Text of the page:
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Letter from Richard Caswell to John Heritage
Caswell, Richard, 1729-1789
July 19, 1779
Volume 14, Pages 169-170

[From Executive Letter Book.]

Kingston, July 19th, 1779.


You are to proceed, with such expedition as may be practicable, into the County of Johnston, by the Little River road, sending forward to Smithfield a party of Light Horse to obtain intelligence from Col. John Smith whether any attempt has been made to break the Gaol there, and in what situation the British prisoners are under his charge. If any attempt has been made to break the Gaol, request Col. Smith to furnish affidavits against the persons concerned, which you will transmit to me by express, as you will do every material intelligence you receive. I have received various accounts of many persons assembling in an unlawful manner at Little River Bridge, and other parts adjacent, and of some persons exciting and stirring up persons to oppose the Laws of the State by refusing to be drafted, or marching in case of being drafted, and entering into combinations to support each other in these wicked and pernicious attempts. You are therefore to halt your Regiment in the neighborhood of Little River Bridge, and call on the Justices contiguous in the Counties of Johnston, Nash, Edgecomb and Dobbs, and let them know your Regiment is ready to assist the civil power in apprehending those offenders, and, if they appear in arms, with design to carry their traitorous designs into execution, you are at the utmost hazard to apprehend and secure them, and, if such persons, who may assemble in arms,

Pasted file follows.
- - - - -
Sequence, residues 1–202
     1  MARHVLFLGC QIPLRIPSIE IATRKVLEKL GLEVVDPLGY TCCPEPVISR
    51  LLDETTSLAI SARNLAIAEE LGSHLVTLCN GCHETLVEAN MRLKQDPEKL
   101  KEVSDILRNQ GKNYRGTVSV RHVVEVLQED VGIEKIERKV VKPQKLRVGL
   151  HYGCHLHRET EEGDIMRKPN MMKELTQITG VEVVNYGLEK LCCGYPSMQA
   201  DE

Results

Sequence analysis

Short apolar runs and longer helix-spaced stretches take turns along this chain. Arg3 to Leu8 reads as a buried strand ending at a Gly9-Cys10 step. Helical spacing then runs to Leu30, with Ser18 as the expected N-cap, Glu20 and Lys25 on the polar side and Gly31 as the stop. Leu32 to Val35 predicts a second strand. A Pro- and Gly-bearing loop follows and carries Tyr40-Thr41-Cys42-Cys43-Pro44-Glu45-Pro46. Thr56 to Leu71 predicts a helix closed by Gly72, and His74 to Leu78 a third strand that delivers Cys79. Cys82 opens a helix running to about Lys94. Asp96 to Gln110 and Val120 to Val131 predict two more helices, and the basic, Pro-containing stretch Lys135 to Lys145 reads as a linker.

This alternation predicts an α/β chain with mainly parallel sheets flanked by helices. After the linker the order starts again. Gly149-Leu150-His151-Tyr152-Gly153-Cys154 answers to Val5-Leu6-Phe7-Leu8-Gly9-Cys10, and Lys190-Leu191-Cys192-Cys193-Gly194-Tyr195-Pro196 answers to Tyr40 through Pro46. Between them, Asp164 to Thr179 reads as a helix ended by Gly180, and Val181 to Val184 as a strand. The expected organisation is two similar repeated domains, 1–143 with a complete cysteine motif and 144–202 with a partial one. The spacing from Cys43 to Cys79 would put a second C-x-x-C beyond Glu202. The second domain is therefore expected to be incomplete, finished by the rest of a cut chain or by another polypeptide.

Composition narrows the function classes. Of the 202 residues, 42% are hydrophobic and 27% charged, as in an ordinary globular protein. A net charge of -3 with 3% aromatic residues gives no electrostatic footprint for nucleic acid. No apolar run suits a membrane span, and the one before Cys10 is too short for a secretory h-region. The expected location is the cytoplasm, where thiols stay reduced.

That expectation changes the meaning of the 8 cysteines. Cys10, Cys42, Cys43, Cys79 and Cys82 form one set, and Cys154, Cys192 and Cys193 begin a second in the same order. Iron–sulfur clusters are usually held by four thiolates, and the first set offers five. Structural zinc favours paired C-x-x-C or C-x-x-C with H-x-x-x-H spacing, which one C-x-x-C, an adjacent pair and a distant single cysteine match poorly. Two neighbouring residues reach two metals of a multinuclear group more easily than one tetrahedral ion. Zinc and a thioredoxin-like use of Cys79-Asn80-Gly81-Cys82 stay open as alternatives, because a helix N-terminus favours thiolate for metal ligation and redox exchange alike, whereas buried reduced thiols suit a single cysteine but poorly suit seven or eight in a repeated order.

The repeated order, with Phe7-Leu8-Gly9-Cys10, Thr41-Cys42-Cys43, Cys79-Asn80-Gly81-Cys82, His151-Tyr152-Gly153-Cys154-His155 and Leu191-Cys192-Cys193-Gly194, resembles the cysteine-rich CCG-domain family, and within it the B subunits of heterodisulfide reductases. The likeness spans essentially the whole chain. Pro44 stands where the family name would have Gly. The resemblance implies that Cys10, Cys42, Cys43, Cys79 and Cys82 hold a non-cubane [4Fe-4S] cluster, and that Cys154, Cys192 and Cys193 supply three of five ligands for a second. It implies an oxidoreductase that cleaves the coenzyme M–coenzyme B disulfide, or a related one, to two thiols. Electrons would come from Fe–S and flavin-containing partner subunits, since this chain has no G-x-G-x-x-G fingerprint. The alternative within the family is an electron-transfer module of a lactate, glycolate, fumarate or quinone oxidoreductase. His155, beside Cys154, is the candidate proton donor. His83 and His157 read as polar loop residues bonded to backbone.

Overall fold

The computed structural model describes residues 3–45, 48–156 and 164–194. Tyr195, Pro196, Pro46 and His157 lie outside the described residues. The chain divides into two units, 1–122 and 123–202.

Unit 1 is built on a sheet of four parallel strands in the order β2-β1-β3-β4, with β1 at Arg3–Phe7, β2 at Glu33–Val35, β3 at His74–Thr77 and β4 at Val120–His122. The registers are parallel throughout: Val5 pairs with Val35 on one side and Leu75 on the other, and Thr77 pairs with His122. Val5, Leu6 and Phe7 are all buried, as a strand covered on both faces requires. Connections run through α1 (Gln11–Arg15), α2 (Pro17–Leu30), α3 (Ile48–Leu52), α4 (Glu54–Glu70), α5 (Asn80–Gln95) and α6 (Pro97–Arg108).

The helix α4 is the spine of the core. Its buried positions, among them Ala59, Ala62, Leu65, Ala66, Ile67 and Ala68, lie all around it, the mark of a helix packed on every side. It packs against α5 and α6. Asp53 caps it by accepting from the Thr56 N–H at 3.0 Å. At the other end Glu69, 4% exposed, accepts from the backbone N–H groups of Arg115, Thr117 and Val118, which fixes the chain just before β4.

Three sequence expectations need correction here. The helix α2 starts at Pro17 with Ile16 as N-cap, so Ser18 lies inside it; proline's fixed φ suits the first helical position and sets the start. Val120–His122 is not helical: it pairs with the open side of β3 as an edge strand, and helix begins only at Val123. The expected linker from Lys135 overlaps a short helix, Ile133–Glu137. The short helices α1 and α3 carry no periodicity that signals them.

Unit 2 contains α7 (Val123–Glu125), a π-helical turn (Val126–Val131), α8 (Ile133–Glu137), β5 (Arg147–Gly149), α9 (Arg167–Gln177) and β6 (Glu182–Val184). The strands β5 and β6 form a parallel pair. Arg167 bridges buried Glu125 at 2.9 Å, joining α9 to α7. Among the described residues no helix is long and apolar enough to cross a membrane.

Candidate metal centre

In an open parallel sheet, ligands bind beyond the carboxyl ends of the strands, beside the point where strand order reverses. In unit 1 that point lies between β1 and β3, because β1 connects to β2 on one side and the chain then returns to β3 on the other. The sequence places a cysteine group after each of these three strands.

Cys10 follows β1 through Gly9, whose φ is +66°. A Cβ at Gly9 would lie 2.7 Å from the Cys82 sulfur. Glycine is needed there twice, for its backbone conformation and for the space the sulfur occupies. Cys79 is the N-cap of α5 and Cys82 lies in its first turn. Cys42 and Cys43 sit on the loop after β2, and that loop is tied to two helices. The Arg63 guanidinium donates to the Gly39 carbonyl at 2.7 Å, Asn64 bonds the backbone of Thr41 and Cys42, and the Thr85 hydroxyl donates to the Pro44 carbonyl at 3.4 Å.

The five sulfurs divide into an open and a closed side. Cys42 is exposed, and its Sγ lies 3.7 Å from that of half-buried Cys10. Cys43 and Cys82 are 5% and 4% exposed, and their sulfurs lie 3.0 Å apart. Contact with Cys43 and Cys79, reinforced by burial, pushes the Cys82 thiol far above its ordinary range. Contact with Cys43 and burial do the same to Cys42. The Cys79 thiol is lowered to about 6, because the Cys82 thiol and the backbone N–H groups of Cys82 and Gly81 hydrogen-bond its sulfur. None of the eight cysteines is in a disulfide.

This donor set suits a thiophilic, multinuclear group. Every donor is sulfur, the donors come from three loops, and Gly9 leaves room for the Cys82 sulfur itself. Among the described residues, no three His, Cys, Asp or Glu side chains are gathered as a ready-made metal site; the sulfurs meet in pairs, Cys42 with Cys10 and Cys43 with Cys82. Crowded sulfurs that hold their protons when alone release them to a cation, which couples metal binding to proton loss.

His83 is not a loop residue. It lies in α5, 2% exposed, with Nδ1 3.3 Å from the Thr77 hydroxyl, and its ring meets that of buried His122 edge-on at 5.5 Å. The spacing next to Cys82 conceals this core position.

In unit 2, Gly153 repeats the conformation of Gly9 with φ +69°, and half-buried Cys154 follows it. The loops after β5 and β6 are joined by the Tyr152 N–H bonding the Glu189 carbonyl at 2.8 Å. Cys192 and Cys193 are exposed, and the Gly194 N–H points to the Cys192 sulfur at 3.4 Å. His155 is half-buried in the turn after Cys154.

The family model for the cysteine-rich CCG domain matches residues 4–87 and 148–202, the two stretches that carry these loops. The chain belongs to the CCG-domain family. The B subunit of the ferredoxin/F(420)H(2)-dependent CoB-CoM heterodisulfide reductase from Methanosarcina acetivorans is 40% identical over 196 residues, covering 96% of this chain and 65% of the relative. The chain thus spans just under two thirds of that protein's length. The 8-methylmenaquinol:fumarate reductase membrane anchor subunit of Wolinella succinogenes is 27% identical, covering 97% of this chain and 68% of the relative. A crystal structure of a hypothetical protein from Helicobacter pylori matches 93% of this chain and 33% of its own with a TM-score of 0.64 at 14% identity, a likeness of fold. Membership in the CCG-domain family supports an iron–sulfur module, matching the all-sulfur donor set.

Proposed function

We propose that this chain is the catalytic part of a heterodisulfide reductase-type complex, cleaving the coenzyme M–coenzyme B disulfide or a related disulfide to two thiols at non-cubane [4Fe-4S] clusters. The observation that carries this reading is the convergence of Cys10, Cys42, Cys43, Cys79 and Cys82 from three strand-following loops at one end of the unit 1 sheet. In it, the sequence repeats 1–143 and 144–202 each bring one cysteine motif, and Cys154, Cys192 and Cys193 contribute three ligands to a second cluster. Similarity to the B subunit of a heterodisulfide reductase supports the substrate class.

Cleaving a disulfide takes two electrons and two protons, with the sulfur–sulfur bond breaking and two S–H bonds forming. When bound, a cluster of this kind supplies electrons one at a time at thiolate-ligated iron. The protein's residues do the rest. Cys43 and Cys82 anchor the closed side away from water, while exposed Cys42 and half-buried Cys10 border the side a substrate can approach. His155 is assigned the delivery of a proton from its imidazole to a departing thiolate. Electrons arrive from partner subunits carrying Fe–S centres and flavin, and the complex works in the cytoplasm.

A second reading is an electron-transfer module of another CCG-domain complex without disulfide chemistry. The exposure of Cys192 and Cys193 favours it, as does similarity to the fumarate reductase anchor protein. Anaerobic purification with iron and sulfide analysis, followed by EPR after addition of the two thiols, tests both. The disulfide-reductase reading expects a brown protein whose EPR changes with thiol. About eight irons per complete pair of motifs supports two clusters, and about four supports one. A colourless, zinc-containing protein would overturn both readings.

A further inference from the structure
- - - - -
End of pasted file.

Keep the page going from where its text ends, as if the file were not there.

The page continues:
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do not surrender to the civil power, but do openly and avowedly oppose the same, you are, after using every means to bring them to justice, in the last instance, when every other means fail, to fire upon, and, at any rate, conquer and subdue them. But, as the spilling of human blood should, at all events, be prevented if possible, I wish you to give me the speediest and best intelligence of these peoples' designs you possibly can obtain before you proceed to extremities by sending me dispatches by expresses, in which you are required to give me the most minute information. On your march and in your encampment be as cautious as if you were passing through an Enemy's country, keep regular flankers and sentries so as, at all events, to prevent a surprise. My reasons for mentioning these things are too obvious to need further explanation. If you find these people too powerful for your force to apprehend, and they come against you before I can reinforce you with the Militia, you must rather destroy, (if you cannot carry off,) your ammunition than suffer it to fall into their hands. It will be needless for your Regiment to remain at Little River if these reports prove untrue. If you find that really to be the case, you are to proceed to Smithfield, and relieve the Militia there on Guard 'til further orders.